Input Date Formats
In this post, Data Education founder and trainer Adam Machanic discusses international standard date and time formats. Here, he explains the importance of not using ambiguous date formats.
There is really only one rule to remember when working with SQL Server’s date/time types from a client: Always, always, always, avoid ambiguous date formats! The unfortunate fact is that every date does not necessarily mean the same thing to any given two people. For instance, consider the following date:
If you’ve been living in the US, you probably immediately thought, “January 2, 2003!” However, those faring from European nations would read this as, “February 1, 2003.” And if you’re from one of various Asian countries (Japan, for instance), you probably think that this date signifies, “February 3, 2001.” Much like the inhabitants of these locales, SQL Server tries to follow the local format specifications when handling input date strings, meaning that on occasion users do not get the date they expect from the input.
Luckily, there is a solution to this problem. Just as with many other classes of problems in which lack of standardization is an issue, the International Standards Organization (ISO) has come to the rescue. ISO 8601 is an international standard date/time format, which SQL Server (and other software) will automatically detect and use, independent of the local server settings. The full ISO format is specified as follows:
yyyy is the four-digit year, which is key to the format; any time SQL Server sees a four-digit year first, it knows that the ISO format is being used.
dd are month and day, respectively, and
mmm are hours, minutes, seconds, and milliseconds. A few further notes on this format: The dashes and the T are both optional, but the T is only optional if the dashes are not present.
As with any other date/time format used by SQL Server, the time or date itself is always optional. If the time portion is not specified, SQL Server will use midnight as the default; if the date portion is not specified, SQL Server will use January 1st 1900 as the date.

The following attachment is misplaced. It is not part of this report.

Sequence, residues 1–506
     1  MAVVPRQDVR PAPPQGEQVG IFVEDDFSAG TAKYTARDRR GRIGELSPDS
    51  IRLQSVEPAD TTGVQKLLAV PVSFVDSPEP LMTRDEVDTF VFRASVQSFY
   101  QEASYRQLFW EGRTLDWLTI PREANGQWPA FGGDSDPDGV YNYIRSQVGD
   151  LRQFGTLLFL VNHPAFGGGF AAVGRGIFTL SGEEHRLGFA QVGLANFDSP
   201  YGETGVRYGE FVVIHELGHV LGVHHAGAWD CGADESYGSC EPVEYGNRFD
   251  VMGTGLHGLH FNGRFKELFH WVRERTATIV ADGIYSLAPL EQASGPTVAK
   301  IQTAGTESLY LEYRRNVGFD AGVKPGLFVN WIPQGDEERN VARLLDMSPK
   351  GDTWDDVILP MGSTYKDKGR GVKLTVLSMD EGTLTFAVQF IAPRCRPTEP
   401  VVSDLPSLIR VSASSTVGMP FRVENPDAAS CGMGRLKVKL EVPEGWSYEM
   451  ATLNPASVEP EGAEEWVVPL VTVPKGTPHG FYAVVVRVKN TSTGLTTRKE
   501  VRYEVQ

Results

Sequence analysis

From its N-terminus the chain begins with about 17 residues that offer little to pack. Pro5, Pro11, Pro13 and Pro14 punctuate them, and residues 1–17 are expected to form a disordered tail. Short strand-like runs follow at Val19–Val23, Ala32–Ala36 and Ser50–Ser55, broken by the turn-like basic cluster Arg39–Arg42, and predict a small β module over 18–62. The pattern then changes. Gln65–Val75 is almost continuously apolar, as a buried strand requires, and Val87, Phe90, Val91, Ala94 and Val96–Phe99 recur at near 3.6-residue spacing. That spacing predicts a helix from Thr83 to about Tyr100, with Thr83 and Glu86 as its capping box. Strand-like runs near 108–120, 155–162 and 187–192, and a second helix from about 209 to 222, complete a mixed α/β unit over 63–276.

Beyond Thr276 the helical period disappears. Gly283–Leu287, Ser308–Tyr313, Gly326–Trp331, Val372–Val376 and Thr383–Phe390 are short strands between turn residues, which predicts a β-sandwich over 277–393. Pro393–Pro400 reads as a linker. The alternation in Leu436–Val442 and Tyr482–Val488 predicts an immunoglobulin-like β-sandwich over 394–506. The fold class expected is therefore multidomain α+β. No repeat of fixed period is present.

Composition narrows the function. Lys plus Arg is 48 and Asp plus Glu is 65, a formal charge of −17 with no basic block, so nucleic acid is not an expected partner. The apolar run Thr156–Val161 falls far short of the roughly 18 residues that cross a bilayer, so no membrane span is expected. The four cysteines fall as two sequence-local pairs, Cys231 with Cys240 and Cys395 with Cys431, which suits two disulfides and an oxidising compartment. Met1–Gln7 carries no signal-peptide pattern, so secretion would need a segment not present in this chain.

Each of the following are valid ISO date/time strings:
--Date without dashes, and time 20060501 13:45:03 --Date with dashes, and time specified with T 2006-05-01T13:45:03 --Date only 20060501 --Time only 13:45:03
Note that the following is valid according to the ISO format, but not treated as such by SQL Server:
--Date with dashes, and time--but no T 2006-05-01 13:45:03
By always using the ISO format—and always making sure that clients send dates according to the ISO format—you can ensure that the correct dates will always be used by SQL Server. Remember that SQL Server does not store the input date string; the date is converted into a binary format. So if invalid dates do end up in the database, there will be no way of reconstituting them from just the data.
Unfortunately, it’s not always possible to get data in exactly the right format before it hits the database. SQL Server provides two mechanisms that can help when dealing with nonstandard date/time formats: an extension to the
CONVERT function that allows specification of a date “style” and a runtime setting called
CONVERT to create an instance of
SMALLDATETIME from a nonstandard date, use the third parameter to the function to specify the date’s format. The following code block shows how to do this for the “British/French” and “U.S.” styles:
--British/French style SELECT CONVERT(DATETIME, '01/02/2003', 103) --U.S. style SELECT CONVERT(DATETIME, '01/02/2003', 101)
Style 103 produces the date “February 1, 2003,” whereas style 101 produces the date, “January 2, 2003.” By using these styles, you can more easily control how date/time input is processed, and explicitly tell SQL Server how to handle input strings. There are over 20 different styles documented; see the topic “CAST and CONVERT (Transact-SQL)” in SQL Server 2005 Books Online for a complete list.
The other option for controlling the format of input date strings is the
DATEFORMAT allows you to specify the input date format’s order of month, day, and year, using the specifiers
Y. The following T-SQL is equivalent to the previous example that used
--British/French style SET DATEFORMAT DMY SELECT CONVERT(DATETIME, '01/02/2003') --U.S. style SET DATEFORMAT MDY SELECT CONVERT(DATETIME, '01/02/2003')
There is really not much of a difference between using
CONVERT to correct nonstandard inputs.
DATEFORMAT may be cleaner in some cases as it only needs to be specified once per connection, but
CONVERT offers slightly more control due to the number of styles that are available. In the end, you should choose whichever one makes the particular code you’re working on more easily readable, testable, and maintainable.